Tuesday, 23 January 2018
KENYA: Jambojet Commences Uganda Flights Feb 2018
The budget carrier, a subsidiary of Kenya Airways says a one-way ticket will cost customers an introductory price of Sh11,330, inclusive of taxes.
Flights will depart the Jomo Kenyatta International Airport (JKIA) at 09:10am and 5:30pm every day while those flying out of Entebbe International Airport will leave at 11:00am and 19:20pm daily.
The flight time is 80 minutes.
This new route will connect businesses in Kenya and Uganda while also appealing to leisure travellers, offering them the opportunity to experience the Pearl of Africa.
Jambojet was in May 2016 granted regulatory approval to fly to 16 routes including Entebbe, Addis Ababa, Dar es Salaam, Zanzibar, Kilimanjaro, Mwanza, Kigali, Juba, Bujumbura, Hargeisa, Mogadishu, Goma, Kisangani and Moroni.
Kenya late last year wrote to the governments of Uganda, Tanzania, Rwanda, Burundi, Ethiopia and Democratic Republic of Congo to allow Jambojet fly to these routes.
Jambojet, which launched locally in April 2014, had earmarked Tanzania and Uganda as its first destinations when approval are granted.
The low cost carrier, which flies between 45,000 and 50,000 passengers per month in Kenya, reported a pre-tax loss of Sh25 million for the year to March, reversing a pre-tax profit of Sh126 million recorded the previous year.
We are optimistic that the regional flight will spur the airline’s growth as well as foster regional integration at a national level, said Mr Hondius.
Jambojet has increased frequencies on most of its routes following what the budget carrier says is increased demand and flexibility offered by its newly acquired aircraft.
The low cost carrier, a subsidiary of Kenya Airways, will now fly 39 times a week to Mombasa up from 22 while passengers travelling to Kisumu from Nairobi will now be served by 20 weekly flights, an increase of six.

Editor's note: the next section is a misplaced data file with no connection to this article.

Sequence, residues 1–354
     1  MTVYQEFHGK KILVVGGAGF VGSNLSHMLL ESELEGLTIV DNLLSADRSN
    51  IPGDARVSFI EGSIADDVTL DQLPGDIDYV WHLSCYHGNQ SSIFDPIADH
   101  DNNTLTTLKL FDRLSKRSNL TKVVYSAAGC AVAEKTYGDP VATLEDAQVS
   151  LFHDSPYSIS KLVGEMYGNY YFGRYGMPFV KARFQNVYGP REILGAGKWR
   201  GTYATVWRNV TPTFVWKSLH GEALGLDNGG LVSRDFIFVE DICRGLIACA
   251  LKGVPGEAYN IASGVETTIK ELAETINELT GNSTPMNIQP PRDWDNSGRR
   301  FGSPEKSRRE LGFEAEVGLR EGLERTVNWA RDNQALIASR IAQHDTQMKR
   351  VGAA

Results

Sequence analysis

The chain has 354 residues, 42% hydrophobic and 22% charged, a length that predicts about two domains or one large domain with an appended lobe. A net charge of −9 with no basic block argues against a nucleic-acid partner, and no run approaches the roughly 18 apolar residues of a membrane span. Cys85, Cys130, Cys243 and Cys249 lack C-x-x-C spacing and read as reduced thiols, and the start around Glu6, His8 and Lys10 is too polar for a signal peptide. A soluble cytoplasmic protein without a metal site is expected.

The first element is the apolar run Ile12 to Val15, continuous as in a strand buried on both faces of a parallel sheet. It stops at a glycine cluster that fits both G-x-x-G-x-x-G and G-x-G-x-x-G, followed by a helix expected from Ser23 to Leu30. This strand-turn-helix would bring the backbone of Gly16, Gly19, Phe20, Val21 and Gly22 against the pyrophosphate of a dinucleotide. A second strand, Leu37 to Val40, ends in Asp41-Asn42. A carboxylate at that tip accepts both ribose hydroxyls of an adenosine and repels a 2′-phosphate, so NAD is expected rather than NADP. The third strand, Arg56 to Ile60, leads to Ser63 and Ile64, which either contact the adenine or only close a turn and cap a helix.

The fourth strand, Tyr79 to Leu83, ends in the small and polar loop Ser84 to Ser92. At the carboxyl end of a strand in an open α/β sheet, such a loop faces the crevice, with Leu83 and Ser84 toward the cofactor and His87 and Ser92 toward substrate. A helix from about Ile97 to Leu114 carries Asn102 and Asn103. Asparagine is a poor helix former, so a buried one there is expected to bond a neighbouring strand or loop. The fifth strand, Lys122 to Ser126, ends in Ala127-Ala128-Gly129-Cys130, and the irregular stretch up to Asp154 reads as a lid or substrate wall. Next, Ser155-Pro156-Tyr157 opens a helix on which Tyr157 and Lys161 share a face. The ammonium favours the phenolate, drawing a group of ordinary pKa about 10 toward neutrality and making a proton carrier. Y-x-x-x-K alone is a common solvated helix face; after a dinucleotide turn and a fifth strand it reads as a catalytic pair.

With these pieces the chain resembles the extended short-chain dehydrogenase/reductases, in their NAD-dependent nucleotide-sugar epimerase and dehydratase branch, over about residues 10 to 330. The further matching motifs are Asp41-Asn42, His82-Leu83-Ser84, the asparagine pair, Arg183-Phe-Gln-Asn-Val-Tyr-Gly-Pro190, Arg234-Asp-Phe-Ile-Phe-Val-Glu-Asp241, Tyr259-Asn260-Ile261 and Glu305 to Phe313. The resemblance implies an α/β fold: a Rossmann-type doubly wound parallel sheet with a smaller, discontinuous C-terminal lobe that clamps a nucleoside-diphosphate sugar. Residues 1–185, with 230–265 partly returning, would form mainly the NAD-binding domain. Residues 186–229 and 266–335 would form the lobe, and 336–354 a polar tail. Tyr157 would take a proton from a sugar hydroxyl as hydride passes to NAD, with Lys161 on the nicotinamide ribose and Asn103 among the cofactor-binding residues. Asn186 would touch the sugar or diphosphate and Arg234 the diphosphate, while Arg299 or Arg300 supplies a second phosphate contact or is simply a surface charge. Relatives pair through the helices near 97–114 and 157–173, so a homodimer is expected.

Jambojet has also added four frequencies to its Ukunda route, increasing them to 14 a week while its Eldoret flights are up two per week to hit 20. The Malindi route has however seen its weekly flights cut from 13 to nine.
In addition to increased demand, the no frills carrier says the frequencies adjustment is a response to their recent acquisition of two Bombardier Q400 aircraft that can do more trips cycles.
We are pleased that more passengers are choosing to fly over other means of transport, Willem Hondius, Jambojet’s chief executive officer, said in a statement.
The demand has been growing especially on the coastal routes, a clear indicator that Jambojet is contributing immensely to the growth of domestic tourism and the economy at large.
Jambojet, which has been operational since April 2014, has for a long time operated four aircraft — two Q400 planes and two Boeing 737s, the latter leased from its parent firm.
It flies between 45,000 and 50,000 passengers per month.
The low cost carrier returned one of the leased Q400 aircraft last year, acquired two in December 2017 with one more expected later this month.
On Sunday, it returned the last of two Boeings to Kenya Airways, leaving it with a fleet of three Q400 planes.
This young fleet compliment, Mr Hondius says, will allow the airline offer flexibility and flight variety to customers.”
Jambojet is set to commence flights to Tanzania and Uganda by next month, kicking off its regional expansion plan. It also plans to commence flights to Wajir in February.